Dispatch from Mexico: Maestro Olegarío

The following is the second of two guest posts by Kevin McCloskey from Oaxaca, Mexico. All photos by Kevin McCloskey.

Oaxaca, Mexico. When I was introduced to Olegarío Hernández I knew I’d seen him before. In his straw sombrero, white homespun cotton shirt and pants, and rough huarache sandals he might have stepped out of a Diego Rivera mural. Five years ago I saw him selling earrings in the street. Today he is a printmaker on the rise.

Portrait of Oligario

His lithograph, Tiatytiti, an image of racing iguanas, won a prize in the recent Takeda Biennial and hung in the Museum of Oaxacan Painters. In January 2013 he will have a one-man exhibition at Benito Juarez University. There is talk of an illustrated catalog for his university exhibition, a high honor in this part of the world.

Olegarío grew up in Pinotepa de Don Luis, a remote village near the Pacific coast in the state of Oaxaca. When there was meat on the table, it was iguana or armadillo. He didn’t learn to speak Spanish until he was 20 years old; his mother tongue is Mixtec. His background is not so unusual. Oaxaca remains one of Mexico’s most ethnically diverse regions. Nearly a quarter of the state’s population is monolingual in an indigenous Pre-hispanic language.

Iguanas, detail, litho by Oligario.

Olegarío’s mother was a gifted weaver. They had no paper in the house. He remembers learning to draw on jicaras, calabash gourds. His grandfather made soup bowls from jicaras. Traditionally, jicaras are decorated with geometric designs or zoomorphic shapes. Oligarío kept the family art form alive, and has taken the designs to another level, carving fantastic and intricate visions of tropical animals. It is as if M.C Escher was reincarnated in the rainforest. Olegarío carves elaborate bowls, earrings, pendants, and sometimes finds time to carve an entire gourd. One of his finest jicara spheres, every inch adorned with birds and beasts, was purchased for the permanent craft collection of the Banamex Foundation.

Bowl by Oligario

43 years old, Oligarío has been carving jicaras for 30 years. It is not an easy way to survive. He might work an entire week on a large jicara, then ask for 1000 pesos, around $75. Tourists and local shopkeepers counteroffer with a tiny fraction of his asking price. Sometimes, to feed his family, he has been forced to sell his work at demeaning prices.

Olegarío, however, is quick to thank good people who have helped him on his path. In his village, the parish priest, Padre Glyn Jemmott, bought carved jicaras at a fair price to give as gifts to donors to the mission. Olegarío also sings the praises of his printmaking mentor, Abraham Torres, of Taller Bambu. Maestro Abraham guided him in the transition to lithography. “I can sell a print for 1000 pesos and still have the stone to print a hundred more,” says Oligario, smiling at the thought.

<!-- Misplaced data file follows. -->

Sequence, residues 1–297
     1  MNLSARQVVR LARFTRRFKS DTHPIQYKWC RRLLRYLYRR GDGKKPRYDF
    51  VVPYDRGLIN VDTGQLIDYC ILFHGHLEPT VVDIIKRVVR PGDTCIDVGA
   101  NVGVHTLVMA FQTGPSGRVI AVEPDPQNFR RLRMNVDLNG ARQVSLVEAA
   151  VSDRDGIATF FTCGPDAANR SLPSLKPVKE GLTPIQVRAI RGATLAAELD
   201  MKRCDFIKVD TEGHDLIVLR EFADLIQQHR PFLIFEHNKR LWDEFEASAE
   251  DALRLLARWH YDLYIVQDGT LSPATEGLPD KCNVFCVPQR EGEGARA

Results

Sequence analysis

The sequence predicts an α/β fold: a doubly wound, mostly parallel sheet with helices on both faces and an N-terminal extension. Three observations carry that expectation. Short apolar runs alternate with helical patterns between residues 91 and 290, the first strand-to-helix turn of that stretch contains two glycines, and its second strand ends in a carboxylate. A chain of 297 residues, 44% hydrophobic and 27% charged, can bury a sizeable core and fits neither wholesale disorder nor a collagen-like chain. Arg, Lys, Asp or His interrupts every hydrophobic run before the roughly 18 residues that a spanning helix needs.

Abraham Torres of Taller Bambu printing an image by Cristina Cardenas. He says, “Never slap the litho stone; treat it like a lover.” His studio, founded in 2003, is open to visiting artists.

3 Maestros: Oligario Hernadez, Cesar Chavez and Abraham Torres at Taller Bambu.

Maestro Abraham’s studio specializes in lithography. He taught Oligarío a printing method that approximates working on Jicaras that he calls false mezzotint or “manera negro.” The litho stone is covered with a thin layer of black paint. Olegarío carves through the paint to reveal the polished stone. He uses his own homemade tools that he originally developed for jicara carving. He files matt knife blades and then fits the custom cut steel into carved wood or bone handles. Olegarío admits he still needs practice drawing on the flat plane of the litho stone; he is so accustomed to drawing on a convex surface. In either case, he says, “it is all in the wrist.”

Sphere at the Centro Cultural San Pablo, Oaxaca, purchased by Banamex Foundation.

Chastast, Mixtec for spirits, litho by Oligario.

Oligario’s handmade tools.

Olegarío is a simple hardworking man, but he is not naïve. He studied fine arts for a time at the University of Guadalajara, before returning to Oaxaca. Mexican newspapers have already written features about the homespun Indio’s rise from artisan to artist. He has saved enough to build a small house for his family in his village near the coast. Several times a year he takes the 8-hour bus ride into the city of Oaxaca. He brings a bag of carved jicaras with him. Sometimes he still sells earrings in the street. He spends his good days working in Taller Bambu and evenings going to gallery openings.

In Oaxaca, one often hears the honorific Maestro (Maestra for females) used to address teachers, as well as accomplished writers, musicians and artists. I watched Olegarío work the room at gallery opening for the uber-hip tattooist and muralist Dr. Lakra, perhaps Oaxaca’s hottest artist of the moment. Olegarío was exchanging his cell phone number with important artists and collectors. Each time he was addressed as “Maestro Olegarío” his eyes lit up. Maestro Olegarío is going to have a very good year.

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